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Two approaches to predict the future weather

September 4, 2019

This is a series of articles highlighting some of the research projects at the University of Tokyo registered under its Future Society Initiative (FSI), a framework that brings together ongoing research projects that contribute to the United Nations Sustainable Development Goals (SDGs).

FSI Project 026

Global climate model MIROC’s prediction of temperature distribution. The progress of global warming from 1950 (left) to 2100 (right) is shown.

When, where and how much rain will fall has always been a matter of utmost concern for humankind since ancient times, but in recent years, with global warming and resulting changes in rainfall patterns, that concern has become all the more heightened. “There are two approaches to the future of weather forecasting,” explained Professor Yukari Takayabu. One is the climate model, a numerical simulation run on a supercomputer where the laws of physics describing the atmosphere and oceans, ice and land are represented in formulas. This method can, to a certain extent, predict future sea surface temperature or atmospheric circulation, but it still can’t indicate the characteristics of rain or clouds. Here the other method is essential: using satellites to gather data on rain in three dimensions, determining the physical laws that govern the characteristics of rainfall and clouds, and incorporating those findings in climate models.

images

A satellite’s precipitation radar captures the state of extreme precipitation. The radar emits radio waves, which are reflected by objects such as raindrops, and the returning signals are measured. The strength of the returning radio wave and the time taken to return indicate not just the intensity of the rain, but also its three-dimensional image. Image courtesy of JAXA.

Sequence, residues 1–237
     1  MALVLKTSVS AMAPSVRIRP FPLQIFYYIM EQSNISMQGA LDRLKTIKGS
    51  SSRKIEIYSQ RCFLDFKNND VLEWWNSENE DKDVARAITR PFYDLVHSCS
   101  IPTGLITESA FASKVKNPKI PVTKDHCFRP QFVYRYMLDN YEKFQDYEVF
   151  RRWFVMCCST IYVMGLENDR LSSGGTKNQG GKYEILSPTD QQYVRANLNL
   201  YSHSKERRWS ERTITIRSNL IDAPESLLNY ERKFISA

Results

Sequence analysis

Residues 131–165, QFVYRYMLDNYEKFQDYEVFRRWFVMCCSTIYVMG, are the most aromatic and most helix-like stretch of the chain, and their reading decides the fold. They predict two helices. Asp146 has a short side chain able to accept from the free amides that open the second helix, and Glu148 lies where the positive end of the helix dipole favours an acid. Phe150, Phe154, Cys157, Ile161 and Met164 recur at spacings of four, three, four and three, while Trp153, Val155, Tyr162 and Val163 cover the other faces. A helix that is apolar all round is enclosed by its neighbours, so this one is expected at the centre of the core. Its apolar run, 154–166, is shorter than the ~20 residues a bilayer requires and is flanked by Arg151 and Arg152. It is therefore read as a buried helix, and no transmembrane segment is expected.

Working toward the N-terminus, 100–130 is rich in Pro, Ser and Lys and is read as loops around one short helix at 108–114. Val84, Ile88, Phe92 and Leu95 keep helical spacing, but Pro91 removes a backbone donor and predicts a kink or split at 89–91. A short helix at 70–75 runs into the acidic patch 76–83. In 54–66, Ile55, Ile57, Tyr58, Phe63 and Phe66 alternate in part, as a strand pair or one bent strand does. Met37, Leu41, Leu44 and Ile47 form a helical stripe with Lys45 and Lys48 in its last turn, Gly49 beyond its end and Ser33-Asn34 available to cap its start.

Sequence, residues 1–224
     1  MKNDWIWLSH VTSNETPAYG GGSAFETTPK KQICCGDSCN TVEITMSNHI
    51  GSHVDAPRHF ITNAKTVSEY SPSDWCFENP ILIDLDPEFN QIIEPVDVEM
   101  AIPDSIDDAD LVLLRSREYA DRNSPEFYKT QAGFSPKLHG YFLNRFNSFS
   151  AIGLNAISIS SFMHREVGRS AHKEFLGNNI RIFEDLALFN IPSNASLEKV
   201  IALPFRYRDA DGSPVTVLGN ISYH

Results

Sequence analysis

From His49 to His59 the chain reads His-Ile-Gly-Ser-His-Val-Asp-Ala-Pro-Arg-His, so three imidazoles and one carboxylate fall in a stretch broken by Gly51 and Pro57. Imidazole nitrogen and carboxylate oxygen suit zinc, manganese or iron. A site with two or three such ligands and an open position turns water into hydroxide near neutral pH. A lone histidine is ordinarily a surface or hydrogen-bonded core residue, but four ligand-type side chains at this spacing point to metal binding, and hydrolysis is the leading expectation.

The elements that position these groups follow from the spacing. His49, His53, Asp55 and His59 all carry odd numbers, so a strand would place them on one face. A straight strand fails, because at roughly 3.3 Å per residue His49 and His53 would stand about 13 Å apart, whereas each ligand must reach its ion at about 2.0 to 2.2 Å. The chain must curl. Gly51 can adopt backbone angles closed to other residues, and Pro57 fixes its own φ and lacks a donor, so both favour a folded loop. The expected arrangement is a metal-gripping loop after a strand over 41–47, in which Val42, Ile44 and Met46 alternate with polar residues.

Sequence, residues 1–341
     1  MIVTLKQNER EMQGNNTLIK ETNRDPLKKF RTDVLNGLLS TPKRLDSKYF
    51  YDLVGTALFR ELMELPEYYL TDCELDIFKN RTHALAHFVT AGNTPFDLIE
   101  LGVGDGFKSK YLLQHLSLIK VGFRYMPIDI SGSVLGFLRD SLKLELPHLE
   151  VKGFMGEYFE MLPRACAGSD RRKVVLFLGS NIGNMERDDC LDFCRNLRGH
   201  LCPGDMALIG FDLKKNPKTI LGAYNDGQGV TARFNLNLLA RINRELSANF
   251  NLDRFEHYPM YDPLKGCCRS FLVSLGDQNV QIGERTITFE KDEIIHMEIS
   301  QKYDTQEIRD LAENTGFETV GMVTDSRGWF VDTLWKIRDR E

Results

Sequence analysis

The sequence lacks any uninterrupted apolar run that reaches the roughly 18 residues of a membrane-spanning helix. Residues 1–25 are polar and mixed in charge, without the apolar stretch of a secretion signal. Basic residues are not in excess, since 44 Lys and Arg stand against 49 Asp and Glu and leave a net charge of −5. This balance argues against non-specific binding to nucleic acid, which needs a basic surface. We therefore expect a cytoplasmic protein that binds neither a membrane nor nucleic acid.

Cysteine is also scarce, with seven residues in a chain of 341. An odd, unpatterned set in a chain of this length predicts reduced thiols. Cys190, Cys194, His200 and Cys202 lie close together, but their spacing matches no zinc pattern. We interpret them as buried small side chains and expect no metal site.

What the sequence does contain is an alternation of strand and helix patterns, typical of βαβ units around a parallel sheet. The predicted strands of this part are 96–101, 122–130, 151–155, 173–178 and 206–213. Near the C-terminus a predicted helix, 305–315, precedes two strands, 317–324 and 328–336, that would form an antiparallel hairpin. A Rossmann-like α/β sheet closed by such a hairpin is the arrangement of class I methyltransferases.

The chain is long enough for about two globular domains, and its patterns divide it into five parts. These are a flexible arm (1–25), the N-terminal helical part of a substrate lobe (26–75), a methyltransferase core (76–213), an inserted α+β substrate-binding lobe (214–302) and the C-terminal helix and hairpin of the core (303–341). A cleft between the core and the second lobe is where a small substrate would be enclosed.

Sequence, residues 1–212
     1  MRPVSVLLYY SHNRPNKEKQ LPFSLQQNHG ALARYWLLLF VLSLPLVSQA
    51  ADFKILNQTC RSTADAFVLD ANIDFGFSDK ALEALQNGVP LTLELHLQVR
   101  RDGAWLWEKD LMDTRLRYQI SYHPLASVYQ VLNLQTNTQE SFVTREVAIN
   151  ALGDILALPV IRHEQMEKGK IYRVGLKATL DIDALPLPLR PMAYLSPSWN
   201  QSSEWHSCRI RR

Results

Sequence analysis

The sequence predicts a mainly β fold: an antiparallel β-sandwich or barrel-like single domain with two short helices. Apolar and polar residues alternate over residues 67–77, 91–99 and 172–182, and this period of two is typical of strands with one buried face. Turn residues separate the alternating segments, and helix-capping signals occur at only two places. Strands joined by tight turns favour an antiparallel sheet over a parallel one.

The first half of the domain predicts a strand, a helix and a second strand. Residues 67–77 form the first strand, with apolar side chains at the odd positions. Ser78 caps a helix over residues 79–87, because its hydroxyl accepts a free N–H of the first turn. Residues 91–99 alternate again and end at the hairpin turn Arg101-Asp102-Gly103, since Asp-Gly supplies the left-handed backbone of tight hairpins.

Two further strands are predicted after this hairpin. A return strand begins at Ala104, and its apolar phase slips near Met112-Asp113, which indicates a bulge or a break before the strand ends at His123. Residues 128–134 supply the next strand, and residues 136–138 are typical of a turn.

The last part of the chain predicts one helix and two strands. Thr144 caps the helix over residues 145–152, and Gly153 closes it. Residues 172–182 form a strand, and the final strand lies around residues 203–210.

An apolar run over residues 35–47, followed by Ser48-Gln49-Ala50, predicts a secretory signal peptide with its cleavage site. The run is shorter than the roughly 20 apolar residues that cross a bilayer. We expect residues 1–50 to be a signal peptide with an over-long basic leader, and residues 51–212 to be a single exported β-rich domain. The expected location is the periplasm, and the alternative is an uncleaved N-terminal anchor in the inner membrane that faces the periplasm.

For example, Takayabu’s research group analyzed 13 years’ worth of rainfall data collected from the Tropical Rainfall Measuring Mission (TRMM) satellite, which flew between December 1997 and June 2015, and identified several types of cloud formation during Japan’s early summer rainfall: 1) clouds with a small surface area that include those producing localized downpours, 2) clouds associated with extratropical cyclones and 3) clouds that cover a wide area with cumulonimbus at the center. Noting that the environments that result in these three types of clouds differ, the group used the climate model to forecast how those environments would change and to estimate how that would change these types of clouds. As a result, they predicted that in the future, most areas would see more type three clouds. Tohoku, Kanto and areas facing the Sea of Japan don’t see much of this type of rain currently, but this is forecast to increase markedly in the future.

“Bodies of clouds from 20 to 50 kilometers across and 50 to 100 km long centered on cumulonimbus clouds produce what is called training rainfall; these cause the torrential rainfalls of the end of the monsoon season, and can sometimes cause large-scale disasters. By combining observation data and the climate model, the workings of such phenomena can be more accurately understood, and we hope it will be possible to minimize the damage from torrential rainfalls,” said Takayabu.

SDGs supported by this project

Climate actionSustainable cities and communitiesClean water and sanitationIndustry, innovation, infrastructureZero hungerLife on land

Professor Yukari Takayabu | Atmosphere and Ocean Research Institute

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